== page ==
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A Journal on Angiology
Official Journal of the , the International Union of Phlebology and the
Indexed/Abstracted in: BIOSIS Previews, Current Contents/Clinical Medicine, EMBASE, PubMed/MEDLINE, Science Citation Index Expanded (SciSearch), Scopus
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International Angiology 2000 December;19(4):303-7
The home treatment of deep vein thrombosis with low molecular weight heparin, forced mobilisation and compression
Labas P., Ohrádka B., Vladimír J., Cambal M.
From the First Department of Surgery and *Department of Radiology, University Hospital, Bratislava, Slovakia
Background. The aim of this prospective study was to analyse a group of patients with DVT (deep vein thrombosis) treated at home with LMWH (low-molecular weight heparin), compression and intensive mobilisation and to evaluate its feasibility, efficacy and safety from possible risks of pulmonary embolism.
Methods. From March 1997 to September 1999, 96 consecutive patients with diagnosed DVT were enrolled in a prospective study and treated at home with enoxaparin (Clexane Rhône-Poulenc) administered subcutaneously at doses depending on body weight (1 mg/kg) b.i.d. for a minimum of seven days. Oral anticoagulants were started two days before discontinuing LMWH and given later for three months according to the haemocoagulation parameters. All patients wore elastic second degree compression stockings during the whole period of treatment and for 12 months there after. They were encouraged to walk 1-3 km daily. The sites of thrombosis were ilio-femoral vein — 38 patients (40%), femoral or popliteal vein — 32 patients (33%), crural veins — 26 patients (27%). According to our surgical criteria two years ago 17 patients would have been operated on and trombectomy performed. The diagnosis was made by compression ultrasonography using a colour duplex scanner (Acuscan 125), by contrast phlebography, and platelet scintigraphy (Tromboscint test). Perfusion-ventilation scintigraphy of the lungs was performed only if there were clinical signs or even a suspicion of pulmonary embolism and on all patients with iliofemoral thrombosis. Perfusion gamagraphy of lungs was carried out on 51 patients where thrombosis was localised in proximal veins.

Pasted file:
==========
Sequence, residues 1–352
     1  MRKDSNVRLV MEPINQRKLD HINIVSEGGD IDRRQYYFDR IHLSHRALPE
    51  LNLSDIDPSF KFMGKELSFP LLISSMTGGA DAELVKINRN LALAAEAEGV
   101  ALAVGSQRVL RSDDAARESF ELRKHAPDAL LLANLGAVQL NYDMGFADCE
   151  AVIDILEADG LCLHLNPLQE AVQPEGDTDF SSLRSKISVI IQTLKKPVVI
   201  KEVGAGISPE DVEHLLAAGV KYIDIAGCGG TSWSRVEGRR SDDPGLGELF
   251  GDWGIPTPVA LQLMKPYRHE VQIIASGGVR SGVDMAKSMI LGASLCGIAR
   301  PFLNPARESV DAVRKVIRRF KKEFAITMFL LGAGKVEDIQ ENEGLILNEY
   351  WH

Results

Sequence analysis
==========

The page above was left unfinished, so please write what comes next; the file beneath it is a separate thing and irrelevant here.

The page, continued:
Results. In 27 patients there were signs of non-fatal pulmonary embolism (53%), but only seven patients (26%) suffered mild non-specific clinical signs; 20 patients with diagnosed pulmonary embolism (74%) were symptom-free. Out of 96 patients, three admitted to hospital (3%), 67 (70%) injected LMVH themselves and felt comfortable. Eight to 12 weeks after this treatment control sonography and phlebography were carried out in 70 patients to assess the localisation and progress of the thrombosis. In 51% (36 patients) partial and 31% (22 patients) total recanalisation was found. Five out of 96 complained of minor bleeding (5%). No thrombocytopenia was noticed. The first five days on home treatment were crucial. All patients were able to walk and live at home without difficulty. None of our patients with proximal deep vein thrombosis used a vena cava filter.
Conclusions. Home treatment of DVT is possible and is effective, safe and less costly on average and per patient 40% in costs was saved compared with those of a hospital stay in spite of the greater expense of LMWH. The patients who received LMWH spent a mean of 1.2 days in the hospital, as compared with 12.7 days for the standard-heparin group.